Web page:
October 17, 2018
Americans nationwide are swallowing more prescription drugs than ever before—and in doing so, they also are “swallowing” the high prices of the drugs they take.
However, all of that is about to change in some specific ways. Drug companies now are promising to provide the list prices for their products in television ads, in compliance with a proposal released by the Trump administration on October 15. The new rule, which is open for discussion, would affect any drug covered by Medicare or Medicaid—bringing greater transparency to drug pricing in the United States.
Health and Human Services Secretary Alex Azar announced the new proposal on Monday, just hours after the Pharmaceutical Research and Manufacturers of America, or PhRMA—the advocacy group that represents big drug companies—said its members would start indirectly mentioning prices in their television ads.
In a press release, PhRMA, announced that its 33 member companies would point viewers to websites that cite the list prices of the drugs they advertise, and that also will clarify what consumers can expect to actually pay for the drugs.
“PhRMA member companies’ direct-to-consumer television advertisements will soon direct patients to information about medicine costs, including the list price of the medicine, out-of-pocket costs or other context about the potential cost of the medicine and available financial assistance,” the group said in its statement.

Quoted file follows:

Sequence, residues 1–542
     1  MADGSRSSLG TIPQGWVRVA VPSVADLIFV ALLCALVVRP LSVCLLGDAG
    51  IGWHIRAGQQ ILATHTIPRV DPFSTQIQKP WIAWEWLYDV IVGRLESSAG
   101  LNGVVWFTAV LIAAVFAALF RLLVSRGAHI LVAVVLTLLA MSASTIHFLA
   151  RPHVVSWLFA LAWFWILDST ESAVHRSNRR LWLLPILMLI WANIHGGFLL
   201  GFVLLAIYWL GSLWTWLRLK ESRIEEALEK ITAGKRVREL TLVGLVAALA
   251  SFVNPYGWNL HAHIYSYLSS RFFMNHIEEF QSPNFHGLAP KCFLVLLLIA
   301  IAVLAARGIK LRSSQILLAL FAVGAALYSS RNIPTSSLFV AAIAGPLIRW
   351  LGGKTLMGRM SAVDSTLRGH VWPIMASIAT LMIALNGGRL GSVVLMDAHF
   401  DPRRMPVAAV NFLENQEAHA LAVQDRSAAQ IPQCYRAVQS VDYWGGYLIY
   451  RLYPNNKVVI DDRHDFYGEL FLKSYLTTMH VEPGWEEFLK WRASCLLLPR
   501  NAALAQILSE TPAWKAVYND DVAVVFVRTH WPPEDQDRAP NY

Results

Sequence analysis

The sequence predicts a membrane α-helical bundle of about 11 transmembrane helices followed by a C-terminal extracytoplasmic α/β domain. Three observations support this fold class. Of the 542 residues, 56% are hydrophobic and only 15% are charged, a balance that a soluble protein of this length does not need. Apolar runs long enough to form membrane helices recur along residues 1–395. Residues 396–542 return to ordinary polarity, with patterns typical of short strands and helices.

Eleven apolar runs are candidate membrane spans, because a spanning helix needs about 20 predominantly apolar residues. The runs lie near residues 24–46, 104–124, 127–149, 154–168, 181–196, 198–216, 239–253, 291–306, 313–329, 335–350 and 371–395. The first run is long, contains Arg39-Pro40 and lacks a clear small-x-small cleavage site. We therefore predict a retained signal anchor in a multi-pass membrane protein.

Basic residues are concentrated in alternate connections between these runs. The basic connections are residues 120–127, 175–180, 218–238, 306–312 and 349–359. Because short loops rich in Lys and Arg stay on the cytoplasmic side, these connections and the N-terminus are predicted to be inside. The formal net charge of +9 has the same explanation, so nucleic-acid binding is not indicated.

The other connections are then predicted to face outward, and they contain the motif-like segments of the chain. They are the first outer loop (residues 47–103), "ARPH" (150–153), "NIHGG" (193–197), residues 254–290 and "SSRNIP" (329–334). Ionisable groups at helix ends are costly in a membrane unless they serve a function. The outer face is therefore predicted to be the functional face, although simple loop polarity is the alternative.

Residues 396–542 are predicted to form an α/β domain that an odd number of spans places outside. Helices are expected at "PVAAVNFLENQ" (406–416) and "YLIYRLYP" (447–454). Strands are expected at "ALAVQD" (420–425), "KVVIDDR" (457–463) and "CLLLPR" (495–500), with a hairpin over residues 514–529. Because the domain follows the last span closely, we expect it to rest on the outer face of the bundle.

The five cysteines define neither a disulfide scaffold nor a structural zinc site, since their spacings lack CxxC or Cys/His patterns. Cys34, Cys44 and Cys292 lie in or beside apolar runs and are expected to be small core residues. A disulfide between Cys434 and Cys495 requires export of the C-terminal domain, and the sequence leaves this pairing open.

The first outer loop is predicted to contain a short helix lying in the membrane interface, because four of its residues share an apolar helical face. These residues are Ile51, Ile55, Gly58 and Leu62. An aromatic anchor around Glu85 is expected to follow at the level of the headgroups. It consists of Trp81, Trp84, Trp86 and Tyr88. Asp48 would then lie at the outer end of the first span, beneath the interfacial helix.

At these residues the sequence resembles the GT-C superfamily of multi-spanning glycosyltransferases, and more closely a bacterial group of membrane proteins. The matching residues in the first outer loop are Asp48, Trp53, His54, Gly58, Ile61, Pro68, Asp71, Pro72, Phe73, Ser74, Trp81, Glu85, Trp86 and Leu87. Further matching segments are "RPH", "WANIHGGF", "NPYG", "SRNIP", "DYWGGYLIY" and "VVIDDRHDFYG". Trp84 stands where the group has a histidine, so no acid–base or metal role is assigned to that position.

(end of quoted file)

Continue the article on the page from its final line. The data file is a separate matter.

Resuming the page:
“The administration and Congress have called on our industry to provide cost information in DTC advertisements, and our members are voluntarily stepping up to the plate,” confirmed Stephen J. Ubl, president and CEO of PhRMA.
However, Azar said that the websites were insufficient. “We appreciate their effort. But placing information on a website is not the same as putting it right in an ad,” Azar commented in a speech at the National Academy of Medicine.
Under the proposed rule, a company would have to put in writing the price for a typical course of treatment for drugs such as antibiotics, or the 30-day cost for drugs taken for chronic conditions such as high blood pressure or diabetes.
Specifically, the proposal will require direct-to-consumer television advertisements for prescription drug and biological products paid for by Medicare or Medicaid to include the list price if the list price—the Wholesale Acquisition Cost—is greater than $35 for a month’s supply or the usual course of therapy, with the prices updated quarterly. Right now, the 10 most commonly advertised drugs have list prices ranging from $535 to $11,000 per month or usual course of therapy.
According to HHS, fully 47% of Americans have high-deductible health plans, under which they often pay the list price of a drug until their insurance kicks in. What’s more, all seniors on Medicare Part D have coinsurance for certain types of drugs, which means their out-of-pocket expenses are calculated as a share of list price.
PhRMA has said any attempt to force companies to publish prices would violate First Amendment rights of free speech.
Research contact: @HHSGov